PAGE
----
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May 8, 2014

Apples of Eden: Saving the Wild Ancestor of Modern Apples

malus_sieversii_has_been_identified_as_the_wild_ancestor_of_domestic_apples.jpg

Malus sieversii — a wild apple that Newton describes as "small but highly colored with a very nice sweet flavor"—is one of the key ancestors of all cultivated apples grown and eaten around the world.
So rich and unique is this species, Newton says, that on one wild apple tree, "you can see more variation in apple form than you see in the entire cultivated apple crop in Britain. You can get variation in fruit size, shape, color, flavor, even within the tree, and certainly from tree to tree." Some fruit species, including wild apricot, are imperiled by overcollection of seeds by national and international plant-breeding companies. Pretty flowers can also become a liability: The pink blooms of one endangered species of wild almond from Kazakhstan, for example, are "particularly in demand for International Women's Day," according to Newton's report.
National Geographic

Posted by gerardvanderleun at May 8, 2014 8:09 AM. This is an entry on the sideblog of American Digest: Check it out.

Your Say

So, I am confused (no muttering from the resta you guys). Are we now to consider apples as endangered in some way? No more apple pie, which along with motherhood constitutes much of our patriotic meme? No more apple of my eye? Motts to end up a shattered empty hull of its former self?

And these other fruits, them too? I don't like apricots very much but I can sympathize with those that do.

Newton, ain't he the guy that invented the steam engine? That allowed these precious apples to fall on his head so he could write a big treatise about gravity and all like that? What does he know?

Posted by: chasmatic at May 8, 2014 9:00 AM

@pictureock, No PBS bad, people good.

Posted by: tripletap at May 8, 2014 1:27 PM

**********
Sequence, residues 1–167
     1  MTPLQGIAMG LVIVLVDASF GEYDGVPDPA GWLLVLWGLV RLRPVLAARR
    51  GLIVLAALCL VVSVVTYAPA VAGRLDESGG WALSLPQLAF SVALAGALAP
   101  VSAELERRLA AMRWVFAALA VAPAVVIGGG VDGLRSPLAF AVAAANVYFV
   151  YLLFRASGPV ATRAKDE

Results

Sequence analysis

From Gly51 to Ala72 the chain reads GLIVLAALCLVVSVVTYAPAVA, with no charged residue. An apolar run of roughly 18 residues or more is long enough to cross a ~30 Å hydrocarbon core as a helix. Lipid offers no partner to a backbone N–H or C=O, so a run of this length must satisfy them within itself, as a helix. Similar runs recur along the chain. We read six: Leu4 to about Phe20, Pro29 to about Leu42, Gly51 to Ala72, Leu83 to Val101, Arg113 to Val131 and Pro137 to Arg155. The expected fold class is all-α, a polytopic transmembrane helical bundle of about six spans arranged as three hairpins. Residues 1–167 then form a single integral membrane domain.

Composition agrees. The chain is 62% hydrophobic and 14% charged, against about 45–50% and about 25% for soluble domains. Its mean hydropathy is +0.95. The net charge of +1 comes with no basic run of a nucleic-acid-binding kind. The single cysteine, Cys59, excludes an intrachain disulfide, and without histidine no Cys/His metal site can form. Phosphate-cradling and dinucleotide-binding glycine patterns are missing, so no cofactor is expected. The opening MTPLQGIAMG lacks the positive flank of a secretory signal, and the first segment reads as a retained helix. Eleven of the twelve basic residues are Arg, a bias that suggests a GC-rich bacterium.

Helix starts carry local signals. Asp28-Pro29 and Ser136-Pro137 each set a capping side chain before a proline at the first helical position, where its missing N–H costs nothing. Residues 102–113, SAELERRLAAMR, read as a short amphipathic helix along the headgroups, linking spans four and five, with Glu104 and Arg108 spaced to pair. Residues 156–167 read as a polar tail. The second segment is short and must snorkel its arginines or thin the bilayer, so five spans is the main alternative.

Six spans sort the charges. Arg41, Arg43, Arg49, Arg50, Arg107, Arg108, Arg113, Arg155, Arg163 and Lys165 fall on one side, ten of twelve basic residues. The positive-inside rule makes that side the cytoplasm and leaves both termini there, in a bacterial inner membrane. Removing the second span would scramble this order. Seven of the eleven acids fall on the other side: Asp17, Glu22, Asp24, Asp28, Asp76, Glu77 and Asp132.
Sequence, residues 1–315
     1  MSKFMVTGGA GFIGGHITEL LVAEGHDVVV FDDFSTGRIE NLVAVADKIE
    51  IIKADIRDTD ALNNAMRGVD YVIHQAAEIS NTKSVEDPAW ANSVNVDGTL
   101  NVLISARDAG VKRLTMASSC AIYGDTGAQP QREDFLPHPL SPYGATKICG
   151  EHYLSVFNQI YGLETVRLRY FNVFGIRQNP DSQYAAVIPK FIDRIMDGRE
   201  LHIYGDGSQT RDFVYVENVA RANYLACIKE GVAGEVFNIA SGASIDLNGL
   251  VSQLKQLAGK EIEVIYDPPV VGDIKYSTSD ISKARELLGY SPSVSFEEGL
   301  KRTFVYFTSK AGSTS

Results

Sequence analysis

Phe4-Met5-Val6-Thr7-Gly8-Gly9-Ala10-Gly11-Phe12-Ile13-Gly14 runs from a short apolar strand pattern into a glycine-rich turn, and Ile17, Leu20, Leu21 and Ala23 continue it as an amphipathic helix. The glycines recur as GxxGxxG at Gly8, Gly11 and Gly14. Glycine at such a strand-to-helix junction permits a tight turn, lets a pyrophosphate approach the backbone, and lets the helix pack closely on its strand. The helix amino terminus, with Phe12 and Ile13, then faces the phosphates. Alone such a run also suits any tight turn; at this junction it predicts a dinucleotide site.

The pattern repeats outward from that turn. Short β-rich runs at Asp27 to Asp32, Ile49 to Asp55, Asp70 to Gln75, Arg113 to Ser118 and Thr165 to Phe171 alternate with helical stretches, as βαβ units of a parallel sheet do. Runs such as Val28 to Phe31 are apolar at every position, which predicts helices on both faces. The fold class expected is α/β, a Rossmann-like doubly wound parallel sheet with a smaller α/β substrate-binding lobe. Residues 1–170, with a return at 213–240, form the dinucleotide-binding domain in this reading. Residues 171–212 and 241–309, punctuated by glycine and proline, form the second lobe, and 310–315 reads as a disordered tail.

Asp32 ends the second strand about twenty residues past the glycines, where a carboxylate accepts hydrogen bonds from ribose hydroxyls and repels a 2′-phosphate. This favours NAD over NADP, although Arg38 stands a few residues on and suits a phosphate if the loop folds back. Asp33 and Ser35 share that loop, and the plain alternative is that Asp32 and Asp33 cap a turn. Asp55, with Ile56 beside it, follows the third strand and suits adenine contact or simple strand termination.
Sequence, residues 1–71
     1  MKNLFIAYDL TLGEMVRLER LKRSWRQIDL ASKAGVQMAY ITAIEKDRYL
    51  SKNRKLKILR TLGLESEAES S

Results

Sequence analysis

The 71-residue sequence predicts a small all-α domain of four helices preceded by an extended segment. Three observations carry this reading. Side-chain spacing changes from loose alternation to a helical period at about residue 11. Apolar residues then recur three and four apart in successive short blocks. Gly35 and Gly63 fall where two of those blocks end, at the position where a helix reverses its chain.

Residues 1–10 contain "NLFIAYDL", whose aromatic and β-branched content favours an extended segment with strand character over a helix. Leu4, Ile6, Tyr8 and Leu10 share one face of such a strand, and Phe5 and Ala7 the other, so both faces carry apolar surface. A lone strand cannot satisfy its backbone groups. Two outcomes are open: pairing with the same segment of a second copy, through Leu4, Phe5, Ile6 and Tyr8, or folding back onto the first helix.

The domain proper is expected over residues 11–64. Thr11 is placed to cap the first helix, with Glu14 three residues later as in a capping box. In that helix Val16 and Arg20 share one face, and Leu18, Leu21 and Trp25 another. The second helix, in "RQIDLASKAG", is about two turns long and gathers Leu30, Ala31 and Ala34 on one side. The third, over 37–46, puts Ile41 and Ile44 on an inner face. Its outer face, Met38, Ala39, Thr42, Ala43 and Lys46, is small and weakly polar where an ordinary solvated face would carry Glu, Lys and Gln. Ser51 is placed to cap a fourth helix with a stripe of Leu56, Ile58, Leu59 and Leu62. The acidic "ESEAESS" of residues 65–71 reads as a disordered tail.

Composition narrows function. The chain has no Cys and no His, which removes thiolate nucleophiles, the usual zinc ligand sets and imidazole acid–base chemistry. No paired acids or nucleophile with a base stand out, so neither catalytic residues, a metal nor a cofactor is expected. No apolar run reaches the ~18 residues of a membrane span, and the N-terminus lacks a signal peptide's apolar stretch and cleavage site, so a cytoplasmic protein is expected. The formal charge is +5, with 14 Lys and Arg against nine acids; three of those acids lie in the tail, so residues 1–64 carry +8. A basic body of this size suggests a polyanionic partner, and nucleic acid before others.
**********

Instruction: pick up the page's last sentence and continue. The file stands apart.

And the common name of this apple tree is...what?
Only pronounceable in Farsi?
And the ability of other "scientists" from around the world to examine the veracity of the "oooo...bad humans" thesis, where folks tend NOT to be "peaceful farmers" anymore, is...those folks will just kill you, ESPECIALLY if you're white, so NOBODY better go there.

Posted by: CaptDMO at May 8, 2014 3:31 PM

Look, a rabbit! Whenever current events get bad enough up emerges an artificial crisis. Let's all burn some candles, rally around the orchards and blame Newton for being a racist male, and start collecting money to save those poor apples. Like all the endangered species that are more important than humans these apples deserve a break.

Posted by: chasmatic at May 8, 2014 4:09 PM

I love going to the farmers market in autumn, because you can buy the heirloom apples they don't sell in any store.

Posted by: Jewel at May 8, 2014 5:27 PM

Apple Poi and cheddah cheese thank you.

Posted by: Vermont Woodchuck at May 9, 2014 6:53 AM

chasmatic: The point here is that if you select out genetic variety, you can end up with a situation like the commercial banana crop, where the Cavendish variety—basically the type you see in every grocery store in America—is threatened by one particular fungus. (You can also bring up Dutch Elm Disease; the basic line of defense has been attempting to find genetic variants that have resistance.)

Posted by: B. Durbin at May 9, 2014 1:48 PM

B. Durbin: Thank you for a serious and informative reply to what was a half-serious comment.

The article mentions that one peril is the over-collection of seeds, another that the almond blossoms are threatened by the particular high demand on International Women's Day.

I can see where if we do not exercise due diligence people will destroy plant life as we know it on our planet. I won't even mention the forestry industry or commercial alfalfa farmers. Or the hydroponics crews or the GMOs, or Agent Orange for that matter.

Posted by: chasmatic at May 9, 2014 9:33 PM

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